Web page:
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- How do you become successful and charismatic
like Jay Leno, Seinfeld and George Carlin?
Booked by over 500 companies worldwide,
Karyn is one of the few people in the world
to be inducted into the National Speakers Association
Hall Of Fame.
Today Dan Lok interviews Karyn on the secret
to enhancing your humor skills to become a better leader
with personal stories and cutting edge tips,
even if you don't have any stories,
speaking experience or confidence.
- When I started speaking when I was just
20 somewhat years old, right.
With me, I know with my accent,
with my background,
'cause you don't see a lot of speakers that are like,
especially like Chinese, right,
on a main stage so instead of hiding that,
in the beginning of my speech I would talk
a little bit about my story;
oh by the way, I would say something like
by the way some of my friends say I still speak
like Jackie Chan.
(laughing)
And then they all laugh right?
- Right, right? - There you go, right.
And then I always say how many of you think
I'm a little bit better than Jackie Chan?
(laughing)
And then they all laugh and, boom, it works.
- It does.
- So instead of hiding it,
now it's memorable, right?
- Yes. - They understand
and instead of oh yeah,
you speak with an accent,
no, no, you're better than that,
we can understand you, boom, right?
- Right. - It works.
- It totally works, it totally works.
It endears you to the audience.
You're addressing, basically it's almost like sales,
it's like you're addressing an objection.
They're like oh, wait a minute.
- I don't know, yeah.
- And it's like you've got it up there,
you're poking fun at it and here's what that does,
this is what people don't consciously think about,
but what you've done now is you've empowered yourself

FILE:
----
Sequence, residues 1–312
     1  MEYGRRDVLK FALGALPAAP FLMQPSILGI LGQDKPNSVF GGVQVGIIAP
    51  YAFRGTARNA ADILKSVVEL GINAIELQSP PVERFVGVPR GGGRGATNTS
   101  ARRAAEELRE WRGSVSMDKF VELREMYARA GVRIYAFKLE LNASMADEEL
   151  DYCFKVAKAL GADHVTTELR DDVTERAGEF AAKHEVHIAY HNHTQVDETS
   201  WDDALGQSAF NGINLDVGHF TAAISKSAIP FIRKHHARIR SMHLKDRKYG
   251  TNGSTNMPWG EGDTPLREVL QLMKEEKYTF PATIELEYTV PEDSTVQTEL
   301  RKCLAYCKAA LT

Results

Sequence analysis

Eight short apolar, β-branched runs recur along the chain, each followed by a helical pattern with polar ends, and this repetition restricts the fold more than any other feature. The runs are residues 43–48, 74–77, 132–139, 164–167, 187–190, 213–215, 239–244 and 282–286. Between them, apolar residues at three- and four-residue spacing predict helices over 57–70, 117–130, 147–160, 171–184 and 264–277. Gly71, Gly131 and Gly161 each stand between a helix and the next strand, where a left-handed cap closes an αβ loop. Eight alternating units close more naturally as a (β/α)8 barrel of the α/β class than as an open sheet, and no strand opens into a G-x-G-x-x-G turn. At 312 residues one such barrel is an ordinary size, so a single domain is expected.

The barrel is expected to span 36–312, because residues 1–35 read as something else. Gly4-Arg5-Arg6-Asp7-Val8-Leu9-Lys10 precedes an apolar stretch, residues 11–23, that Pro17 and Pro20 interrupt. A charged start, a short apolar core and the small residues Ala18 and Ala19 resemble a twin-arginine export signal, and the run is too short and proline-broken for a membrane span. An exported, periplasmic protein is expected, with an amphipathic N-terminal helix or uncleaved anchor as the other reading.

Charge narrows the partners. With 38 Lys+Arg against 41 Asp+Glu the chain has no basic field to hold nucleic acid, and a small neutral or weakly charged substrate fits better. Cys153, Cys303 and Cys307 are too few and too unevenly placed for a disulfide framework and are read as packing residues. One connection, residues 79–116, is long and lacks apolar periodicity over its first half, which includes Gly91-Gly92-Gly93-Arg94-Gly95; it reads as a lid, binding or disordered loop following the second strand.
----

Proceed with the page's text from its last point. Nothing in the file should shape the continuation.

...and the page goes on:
because your ability to laugh at a situation
shows that you have a sense of confidence
and when you can portray that confidence in humor
now your audience is like whoa,
here's somebody who, he's confident enough
that he can make fun of himself.
- And also it's almost like
I don't take myself too seriously.
It's like I'm having a good time,
we talk about things and I'm here to share what I know
and you're gonna have a good time.
It's kinda that kind of feeling.
- It's humanizing and people wanna do business
with another human being.
- Yes, 100%.
- Not with something or someone that they feel is
unreachable or untrackable.
- And I think a lot of speakers,
because the minute you step on stage
you are already, you have a higher status.
You're seen as authority so I think,
if anything, any speaker who is communicating,
who is on stage, you should tone it down
and insert humor versus,
a lot of them, I think, because of insecurities
they try to build that up.
The minute they go on stage I see speakers to this, right.
They just start rambling their resume, right.
How good I am, what about this,
my background, I've done all these things.
It actually turns the audience off,
versus hey, let me tell you a funny story.
- Yes.
- On the way here this happened or that happened.
You look at even back then, Jay Leno.
- [Kathryn] Yes, I love Jay Leno.
- It's a perfect example, right?
It's always something, little things that happen
in his life and he would just talk about it.
Those are the dialogue that he has, I love that.
- And that's something that, again, a high performer,
and my definition of high performance humor
is when somebody uses humor intentionally,
for a desired outcome, and consistently
and so maybe your desired outcome,
like you said at that point,
is to strengthen your relationship and rapport
with the audience.
- Yes, to break the ice.
- And so we want to, how can we do that?
We can intentionally put in a little bit of humor.
If you want to establish rapport with your team
or something like that,
it's the little things that you're talking about
that go on the workplace, or happen in the business,
a lot of the inside humor that we can use
that other people are going what are they talking about?
But it really kind of just cements the relationship
for those on the inside who can laugh at themselves
in that bonding humor.
- Yes, and I think you think about, in our world,
where you have the educators
and then you have the entertainers.
- Yes.
- Some of the highest paid people in the world
are entertainers, right?
- Yes.
- It could be through humor, right?
And it's very interesting.
I look at even comedians, example,
you could look at the likes of Jim Carey,
you look at Jerry Seinfeld.